Loving, mastering math
How would you solve the following simple problem: “How many P9 pencils can you buy with P42, and how much money would you have left?”
Chances are you’d divide 42 by 9 to find the quotient and remainder. That’s easy if you’ve mastered your multiplication table, from which we know that 4×9 is 36 and 5×9 is 45. So we can buy 4 pencils (not 5), and have 42-36 = P6 left.
But gone are the days when every school notebook on the market bore a multiplication table on its back cover, along with useful units of conversion for weights and measures — rather than the popular animation characters or artists’ photos now adorning today’s school notebooks. Memorizing the multiplication table by heart was basic to every child’s math education then. Today’s schoolchildren tend to rely on their calculators, netbooks, computers, tablets and cell phones even for simple arithmetic, virtually eliminating or diminishing the need for mental exercises that the human brain needs to keep in shape.
The math whizzes around us have brains that work a little differently, and have a different approach to quickly and mentally solving math problems like the one above, using systematic natural thinking. The thought process would go this way: 42 is 4 tens and 2 ones. P10 will buy you one pencil and you’d have P1 left, so with P40 you can buy 4 pencils with P4 left. Add the remaining P2 to this and you’d have a total of P6 left.
The key is to look at the tens digit of the figure 42, and determine that you can buy 4 pencils, and you’ll have 4+2 or P6 left. If we had P34, then we can buy 3 pencils and have 3+4 or P7 left. This approach illustrates what is now known as Vedic Math.
I had one such math whiz for a classmate since our first year at the Philippine Science High School (PSHS, aka Pisay), several decades ago. Virgilio “Ike” Prudente seemed to have a natural affinity to math, the school subject most of the rest of us detested, and considered most boring. He, with his wife Lerma, has since sired five offspring, all of whom also breezed through the country’s premier high school where only the country’s “cream of the crop” are admitted and receive the best secondary education taxpayer money can buy.
Five years ago, Ike decided to share his mathematical prowess with one and all, by publishing a book entitled “25 Math Short Cuts,” demand for which has been so high that it’s now on its fifth printing. The strong reception for the book prodded him, together with his gifted children, to develop a mathematics learning enhancement program known as “Math-Inic”—a play on the Filipino word “matinik” (literally “thorny,” slang for sharp-witted or skilled) but also an acronym for Math-Indian Numeration-Instant Calculation.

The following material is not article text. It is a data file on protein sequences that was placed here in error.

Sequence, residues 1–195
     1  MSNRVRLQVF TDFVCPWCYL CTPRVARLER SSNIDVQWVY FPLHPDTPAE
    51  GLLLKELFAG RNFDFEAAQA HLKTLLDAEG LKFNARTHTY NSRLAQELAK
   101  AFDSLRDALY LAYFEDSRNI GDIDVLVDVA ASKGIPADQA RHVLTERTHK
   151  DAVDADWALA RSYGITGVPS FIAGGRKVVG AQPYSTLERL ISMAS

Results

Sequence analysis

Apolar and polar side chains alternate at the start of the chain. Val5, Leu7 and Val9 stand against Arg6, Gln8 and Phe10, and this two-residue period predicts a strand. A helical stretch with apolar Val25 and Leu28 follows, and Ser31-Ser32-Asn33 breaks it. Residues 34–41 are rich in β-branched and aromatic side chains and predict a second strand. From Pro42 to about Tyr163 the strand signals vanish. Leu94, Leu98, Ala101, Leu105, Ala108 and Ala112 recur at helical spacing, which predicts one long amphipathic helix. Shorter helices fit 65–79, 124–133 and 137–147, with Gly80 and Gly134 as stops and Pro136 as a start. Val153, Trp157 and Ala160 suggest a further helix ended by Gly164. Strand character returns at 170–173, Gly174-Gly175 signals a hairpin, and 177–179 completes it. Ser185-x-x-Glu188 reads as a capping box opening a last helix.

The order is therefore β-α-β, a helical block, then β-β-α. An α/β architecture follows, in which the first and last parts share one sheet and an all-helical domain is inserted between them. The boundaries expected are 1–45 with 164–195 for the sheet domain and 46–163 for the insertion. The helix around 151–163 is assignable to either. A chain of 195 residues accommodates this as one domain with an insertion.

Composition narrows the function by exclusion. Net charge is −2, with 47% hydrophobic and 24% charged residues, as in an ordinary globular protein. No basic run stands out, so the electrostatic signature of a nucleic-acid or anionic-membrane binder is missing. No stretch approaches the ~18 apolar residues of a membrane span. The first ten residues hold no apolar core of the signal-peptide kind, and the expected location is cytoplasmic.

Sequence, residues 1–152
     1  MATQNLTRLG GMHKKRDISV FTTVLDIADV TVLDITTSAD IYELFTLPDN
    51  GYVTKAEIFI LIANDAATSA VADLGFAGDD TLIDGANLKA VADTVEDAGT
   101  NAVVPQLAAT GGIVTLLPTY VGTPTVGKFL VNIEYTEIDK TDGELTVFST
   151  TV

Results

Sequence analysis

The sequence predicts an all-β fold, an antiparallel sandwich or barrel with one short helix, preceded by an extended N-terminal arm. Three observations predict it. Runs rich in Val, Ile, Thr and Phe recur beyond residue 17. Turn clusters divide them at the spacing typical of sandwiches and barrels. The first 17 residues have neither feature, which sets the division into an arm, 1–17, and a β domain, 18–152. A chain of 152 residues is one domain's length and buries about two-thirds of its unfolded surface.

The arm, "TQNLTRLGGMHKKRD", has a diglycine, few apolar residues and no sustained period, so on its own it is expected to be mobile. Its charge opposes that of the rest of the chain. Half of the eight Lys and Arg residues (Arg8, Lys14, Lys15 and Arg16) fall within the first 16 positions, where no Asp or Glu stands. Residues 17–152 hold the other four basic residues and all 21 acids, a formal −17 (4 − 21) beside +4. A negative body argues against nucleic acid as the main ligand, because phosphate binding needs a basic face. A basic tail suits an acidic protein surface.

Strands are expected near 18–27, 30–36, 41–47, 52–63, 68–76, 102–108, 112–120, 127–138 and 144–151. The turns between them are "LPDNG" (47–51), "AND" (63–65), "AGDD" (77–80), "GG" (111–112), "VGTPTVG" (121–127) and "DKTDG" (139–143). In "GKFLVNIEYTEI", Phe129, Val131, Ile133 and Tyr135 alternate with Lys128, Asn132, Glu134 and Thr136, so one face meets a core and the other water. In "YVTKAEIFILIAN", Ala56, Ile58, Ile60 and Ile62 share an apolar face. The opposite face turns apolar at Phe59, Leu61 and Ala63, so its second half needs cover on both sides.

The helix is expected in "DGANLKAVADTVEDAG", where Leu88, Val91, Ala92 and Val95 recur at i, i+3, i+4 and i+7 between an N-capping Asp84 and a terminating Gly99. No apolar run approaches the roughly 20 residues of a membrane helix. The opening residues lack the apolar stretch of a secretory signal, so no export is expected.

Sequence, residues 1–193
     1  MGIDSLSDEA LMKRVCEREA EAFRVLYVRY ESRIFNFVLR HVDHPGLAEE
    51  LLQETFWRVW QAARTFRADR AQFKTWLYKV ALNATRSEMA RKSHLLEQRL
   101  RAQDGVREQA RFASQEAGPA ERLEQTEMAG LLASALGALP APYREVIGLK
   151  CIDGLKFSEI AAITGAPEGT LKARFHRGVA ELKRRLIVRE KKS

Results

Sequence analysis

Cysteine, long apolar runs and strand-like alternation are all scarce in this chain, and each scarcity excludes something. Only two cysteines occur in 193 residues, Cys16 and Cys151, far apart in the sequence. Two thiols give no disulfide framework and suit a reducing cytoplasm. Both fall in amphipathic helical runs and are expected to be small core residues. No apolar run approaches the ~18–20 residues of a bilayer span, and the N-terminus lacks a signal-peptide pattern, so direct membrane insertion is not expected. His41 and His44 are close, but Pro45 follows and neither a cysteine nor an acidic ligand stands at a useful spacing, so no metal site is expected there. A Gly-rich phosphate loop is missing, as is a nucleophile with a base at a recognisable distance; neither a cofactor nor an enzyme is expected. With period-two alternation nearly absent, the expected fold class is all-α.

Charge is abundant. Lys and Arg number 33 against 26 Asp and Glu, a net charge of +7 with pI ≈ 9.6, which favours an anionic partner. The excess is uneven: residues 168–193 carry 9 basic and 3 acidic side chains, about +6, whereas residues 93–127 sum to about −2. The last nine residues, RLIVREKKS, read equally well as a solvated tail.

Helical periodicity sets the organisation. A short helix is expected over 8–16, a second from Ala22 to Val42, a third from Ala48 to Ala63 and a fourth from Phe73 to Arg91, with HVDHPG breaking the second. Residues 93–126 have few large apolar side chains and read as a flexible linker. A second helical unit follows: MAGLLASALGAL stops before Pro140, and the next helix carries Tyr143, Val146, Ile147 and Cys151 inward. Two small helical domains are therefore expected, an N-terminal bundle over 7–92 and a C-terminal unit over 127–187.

Math-Inic claims to combine the best techniques from traditional left-brain math that uses analytical and sequential methods to process information; right-brain math that focuses on visual images and patterns; and the Indian, or Vedic-based mental math, which covers basic arithmetic operations to algebra and calculus without need for pen, paper or other tools, using simple and easy steps.
I was pleasantly surprised to learn that a couple of my own grandchildren have actually benefited from my old high school buddy’s Math-Inic system at Xavier Nuvali. On Aug. 15, elementary and high schools may send their best math whizzes to the first Philippine National Vedic Mathematics Olympiad to be held at Malayan High School of Science in Pandacan, Manila. Jointly sponsored by Math-Inic, Palawan Pawnshop (owned by Pisay alumni Bobby and Angie Castro), University of the Philippines Tau Rho Xi fraternity (whose membership counts many Pisay alumni) and Malayan University (headed by the first PSHS valedictorian Dr. Reynaldo Vea), the olympiad, as my friend Ike describes it, is their way of paying back and paying forward for the quality education we were privileged to obtain at PSHS.
Math-Inic claims to turn math haters into math lovers, and math lovers into math masters. I can attest to having seen that with my eldest granddaughter, soon to enter Pisay herself. How I wish I picked my classmate Ike’s brains more in high school, and learned his math secrets much earlier in life.
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